The first class Gunter took was Interpersonal Communications with Dr. Jimmy Roux. Then the experiment continued into the summer, when Dr. Edward DeClair invited her to join the Westover Honors College. Gunter, a grandmother, accepted his offer but said she sometimes jokingly calls herself “Westover-the-Hill.”
This year, Gunter will graduate with a bachelor’s degree in history and a minor in museum studies. She also won the Westover Senior Thesis Award for her paper about Pierre Daura, namesake of the University’s art gallery. Earlier in the spring, her research on Daura also took the top prize at the 2020 Phi Alpha Theta National History Honor Society conference.
Asked why she chose to major in history, Gunter answered with a string of questions: “Doesn’t knowing more about the people in the past who shaped the world as we know it today make this life a bit more interesting?
“How would our lives be different if our grandfathers hadn’t worked in the WPA’s Civilian Conservation Corps during the Great Depression? Or, if Southern ancestors hadn’t sold their Piedmont farms and slaves, taken off for Illinois, and then found themselves facing off with their cousins on a Civil War battlefield?”
Gunter praised Lynchburg’s History Department for its “depth and academic diversity” and said she regrets not being able to take at least one class with each of its faculty members. “Faculty seem to take a great deal of pleasure in the development of their students,” she said.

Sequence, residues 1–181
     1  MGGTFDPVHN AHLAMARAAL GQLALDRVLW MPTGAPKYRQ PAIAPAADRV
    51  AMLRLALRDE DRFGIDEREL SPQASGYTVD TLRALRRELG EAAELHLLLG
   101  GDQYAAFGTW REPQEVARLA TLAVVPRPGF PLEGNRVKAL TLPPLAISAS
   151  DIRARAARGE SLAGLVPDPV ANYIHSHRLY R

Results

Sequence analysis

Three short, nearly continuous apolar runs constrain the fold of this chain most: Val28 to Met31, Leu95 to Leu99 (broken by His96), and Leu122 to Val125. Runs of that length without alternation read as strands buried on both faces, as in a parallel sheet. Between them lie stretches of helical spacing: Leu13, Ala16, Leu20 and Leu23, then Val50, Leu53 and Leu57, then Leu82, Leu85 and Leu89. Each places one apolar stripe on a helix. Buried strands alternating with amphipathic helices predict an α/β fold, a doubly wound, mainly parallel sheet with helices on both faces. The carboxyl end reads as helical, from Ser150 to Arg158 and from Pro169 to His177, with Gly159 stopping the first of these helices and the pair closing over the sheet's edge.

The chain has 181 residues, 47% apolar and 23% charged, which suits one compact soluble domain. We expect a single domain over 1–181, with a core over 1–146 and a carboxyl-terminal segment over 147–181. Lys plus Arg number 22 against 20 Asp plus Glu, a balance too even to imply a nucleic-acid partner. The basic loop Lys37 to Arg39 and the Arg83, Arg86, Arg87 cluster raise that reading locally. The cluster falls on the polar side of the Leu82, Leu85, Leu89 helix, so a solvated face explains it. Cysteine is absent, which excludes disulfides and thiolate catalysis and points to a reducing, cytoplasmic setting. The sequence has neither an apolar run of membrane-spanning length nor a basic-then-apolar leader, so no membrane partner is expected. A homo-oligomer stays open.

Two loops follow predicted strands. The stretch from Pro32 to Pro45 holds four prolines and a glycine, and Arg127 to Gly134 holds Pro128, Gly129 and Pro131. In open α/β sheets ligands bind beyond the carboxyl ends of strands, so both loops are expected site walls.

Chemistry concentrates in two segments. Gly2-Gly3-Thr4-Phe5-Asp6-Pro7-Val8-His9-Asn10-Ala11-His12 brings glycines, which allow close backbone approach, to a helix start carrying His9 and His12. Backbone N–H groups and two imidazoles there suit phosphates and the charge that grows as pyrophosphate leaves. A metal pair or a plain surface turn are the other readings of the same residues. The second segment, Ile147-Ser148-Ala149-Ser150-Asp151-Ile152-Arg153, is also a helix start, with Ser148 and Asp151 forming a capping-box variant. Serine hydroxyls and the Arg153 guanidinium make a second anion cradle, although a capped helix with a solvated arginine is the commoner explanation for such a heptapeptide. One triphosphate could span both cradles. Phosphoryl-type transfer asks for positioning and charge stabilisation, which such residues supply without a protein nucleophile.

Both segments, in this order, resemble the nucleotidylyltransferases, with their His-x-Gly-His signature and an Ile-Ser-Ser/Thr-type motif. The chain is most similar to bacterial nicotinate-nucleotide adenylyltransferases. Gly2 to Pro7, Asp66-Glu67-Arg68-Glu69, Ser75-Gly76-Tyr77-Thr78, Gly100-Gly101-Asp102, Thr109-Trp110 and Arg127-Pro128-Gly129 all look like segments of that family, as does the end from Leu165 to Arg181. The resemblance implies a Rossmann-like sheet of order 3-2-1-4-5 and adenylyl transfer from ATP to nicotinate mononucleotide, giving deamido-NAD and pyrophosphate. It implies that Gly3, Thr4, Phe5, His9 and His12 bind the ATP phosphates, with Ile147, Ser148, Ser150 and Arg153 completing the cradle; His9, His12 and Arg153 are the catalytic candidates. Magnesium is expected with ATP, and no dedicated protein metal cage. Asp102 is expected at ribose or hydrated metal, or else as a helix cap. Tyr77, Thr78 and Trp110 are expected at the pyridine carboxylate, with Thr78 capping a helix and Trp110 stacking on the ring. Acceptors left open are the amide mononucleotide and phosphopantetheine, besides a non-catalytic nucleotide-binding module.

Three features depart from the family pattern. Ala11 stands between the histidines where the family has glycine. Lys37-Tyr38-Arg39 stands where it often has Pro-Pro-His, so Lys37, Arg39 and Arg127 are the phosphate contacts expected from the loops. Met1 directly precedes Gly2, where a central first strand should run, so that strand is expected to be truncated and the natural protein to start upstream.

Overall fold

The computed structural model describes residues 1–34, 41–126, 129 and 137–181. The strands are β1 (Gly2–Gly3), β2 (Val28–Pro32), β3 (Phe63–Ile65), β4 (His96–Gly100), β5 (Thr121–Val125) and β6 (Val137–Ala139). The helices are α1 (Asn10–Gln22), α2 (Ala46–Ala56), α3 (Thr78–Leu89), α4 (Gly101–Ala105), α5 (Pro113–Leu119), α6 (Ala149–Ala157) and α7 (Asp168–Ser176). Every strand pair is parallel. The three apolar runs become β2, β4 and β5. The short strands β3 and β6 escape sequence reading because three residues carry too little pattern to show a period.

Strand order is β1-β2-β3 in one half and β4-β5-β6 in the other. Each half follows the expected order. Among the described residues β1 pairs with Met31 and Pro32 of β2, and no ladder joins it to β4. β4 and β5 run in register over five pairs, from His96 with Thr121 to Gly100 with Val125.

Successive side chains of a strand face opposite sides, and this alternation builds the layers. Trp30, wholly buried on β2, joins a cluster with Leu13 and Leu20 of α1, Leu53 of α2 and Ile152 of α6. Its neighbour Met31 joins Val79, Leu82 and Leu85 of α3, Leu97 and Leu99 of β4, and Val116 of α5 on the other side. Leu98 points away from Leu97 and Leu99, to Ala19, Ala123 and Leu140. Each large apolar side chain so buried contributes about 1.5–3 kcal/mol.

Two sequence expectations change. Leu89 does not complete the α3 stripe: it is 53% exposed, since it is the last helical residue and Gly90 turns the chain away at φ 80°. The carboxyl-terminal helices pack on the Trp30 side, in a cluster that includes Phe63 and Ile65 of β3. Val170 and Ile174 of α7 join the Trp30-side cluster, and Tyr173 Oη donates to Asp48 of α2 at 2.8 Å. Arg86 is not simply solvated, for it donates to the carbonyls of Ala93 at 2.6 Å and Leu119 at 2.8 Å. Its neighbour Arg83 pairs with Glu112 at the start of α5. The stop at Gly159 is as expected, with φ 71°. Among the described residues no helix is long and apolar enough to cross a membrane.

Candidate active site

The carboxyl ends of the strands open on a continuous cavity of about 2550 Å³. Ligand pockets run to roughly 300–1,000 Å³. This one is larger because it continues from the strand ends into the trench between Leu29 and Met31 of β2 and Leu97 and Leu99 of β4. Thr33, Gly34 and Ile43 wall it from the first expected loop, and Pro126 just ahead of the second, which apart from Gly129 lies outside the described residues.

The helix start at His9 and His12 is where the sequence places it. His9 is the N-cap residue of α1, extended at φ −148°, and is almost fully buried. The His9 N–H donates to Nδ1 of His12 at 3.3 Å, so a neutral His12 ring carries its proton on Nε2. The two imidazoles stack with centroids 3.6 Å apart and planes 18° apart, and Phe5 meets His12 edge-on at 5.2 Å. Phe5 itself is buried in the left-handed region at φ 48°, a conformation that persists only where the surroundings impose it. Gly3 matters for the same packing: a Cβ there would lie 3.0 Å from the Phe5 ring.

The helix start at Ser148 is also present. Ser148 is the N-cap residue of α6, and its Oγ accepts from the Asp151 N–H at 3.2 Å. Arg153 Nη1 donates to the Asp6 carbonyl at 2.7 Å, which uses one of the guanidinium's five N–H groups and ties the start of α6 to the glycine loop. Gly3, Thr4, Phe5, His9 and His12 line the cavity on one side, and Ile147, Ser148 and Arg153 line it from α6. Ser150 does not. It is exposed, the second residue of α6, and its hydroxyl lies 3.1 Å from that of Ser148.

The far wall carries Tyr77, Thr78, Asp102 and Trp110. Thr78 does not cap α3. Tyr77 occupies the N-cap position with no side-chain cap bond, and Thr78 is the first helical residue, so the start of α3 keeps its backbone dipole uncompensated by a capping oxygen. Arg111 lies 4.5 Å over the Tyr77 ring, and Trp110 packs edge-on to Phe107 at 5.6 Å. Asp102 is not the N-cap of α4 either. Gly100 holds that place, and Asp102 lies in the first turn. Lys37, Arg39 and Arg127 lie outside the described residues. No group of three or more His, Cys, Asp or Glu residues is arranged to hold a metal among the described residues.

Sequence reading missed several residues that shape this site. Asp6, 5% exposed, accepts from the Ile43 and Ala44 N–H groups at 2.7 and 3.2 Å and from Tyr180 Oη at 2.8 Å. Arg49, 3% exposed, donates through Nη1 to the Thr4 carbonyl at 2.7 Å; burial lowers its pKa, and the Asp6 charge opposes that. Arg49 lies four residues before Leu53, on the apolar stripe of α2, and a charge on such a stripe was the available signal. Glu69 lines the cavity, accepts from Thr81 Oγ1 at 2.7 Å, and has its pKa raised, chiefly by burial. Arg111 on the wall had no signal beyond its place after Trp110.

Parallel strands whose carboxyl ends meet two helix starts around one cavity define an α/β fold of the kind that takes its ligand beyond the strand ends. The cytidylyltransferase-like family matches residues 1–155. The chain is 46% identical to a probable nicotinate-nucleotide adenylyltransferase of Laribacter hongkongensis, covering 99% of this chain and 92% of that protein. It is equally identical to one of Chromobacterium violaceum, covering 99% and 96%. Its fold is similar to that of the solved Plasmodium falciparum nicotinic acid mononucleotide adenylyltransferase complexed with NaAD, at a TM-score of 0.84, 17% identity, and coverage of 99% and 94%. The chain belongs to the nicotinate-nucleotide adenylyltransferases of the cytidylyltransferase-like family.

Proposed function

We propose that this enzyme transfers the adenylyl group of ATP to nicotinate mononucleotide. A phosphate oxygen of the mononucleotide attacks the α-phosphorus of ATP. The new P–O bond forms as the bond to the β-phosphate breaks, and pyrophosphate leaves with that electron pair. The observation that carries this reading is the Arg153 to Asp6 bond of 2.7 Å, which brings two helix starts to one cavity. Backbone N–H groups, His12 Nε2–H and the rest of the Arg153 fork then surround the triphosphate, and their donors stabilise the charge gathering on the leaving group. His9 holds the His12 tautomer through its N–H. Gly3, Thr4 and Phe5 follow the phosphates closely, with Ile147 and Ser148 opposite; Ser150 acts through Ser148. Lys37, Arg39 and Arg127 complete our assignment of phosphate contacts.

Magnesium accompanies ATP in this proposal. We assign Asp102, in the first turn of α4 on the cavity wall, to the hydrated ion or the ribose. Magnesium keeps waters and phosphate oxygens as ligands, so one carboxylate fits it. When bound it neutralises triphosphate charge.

“Early on, we were immersed in the research and writing process in the class Historian’s Craft. That class is a gift for history-curious students because an entire semester is devoted to a topic of their choice and digging into archives and primary documents.”
For the Westover Honors colloquium Common Soldiers of the Civil War, Gunter and her classmates, led by Dr. Adam Dean, researched Historic Sandusky, a historic home that’s owned by the University and played an important role in the Battle of Lynchburg in 1864.
One of Dr. Lindsay Michie’s classes, Art and Revolution, “will satisfy anyone’s love for both history and art,” Gunter said.
Gunter said museum studies was “the perfect partner” to her history major. “We researched, wrote about, and debated knotty legal and ethical issues, like the repatriation of human remains,” she said.
“We were introduced to best practices in identification and conservation, and after I completed a course in the finances of nonprofit organizations, I was convinced that highly successful and astute fundraising was within my purview.
“Dr. Barbara Rothermel guided us through a rigorous curriculum, and her expectations were high.”
Other than sometimes being mistaken for the professor on the first day of class, Gunter said her experience as an Access student was pretty much the same as that of a traditional undergraduate.
“Academically, I have the same workload and feel the same angst — probably more — about tests and papers,” she said. “At the beginning of every semester, I’m a bundle of nerves until I get class syllabi and plot out the entire semester on a calendar. … Just like other seniors, thinking past the next looming deadline is difficult.”
Gunter said she’s looking forward to finishing her coursework this spring and, once the COVID-19 crisis has passed, relaxing a little.
“When we’re out of this crisis, I’m planning to head off to a white-sand beach and blue water and live spontaneously — at least for a week or so,” she said. “I’m ready to throw off deadlines and rigid schedules for a while. I’ll continue to volunteer for the Daura Gallery each week and perhaps contribute in new ways.”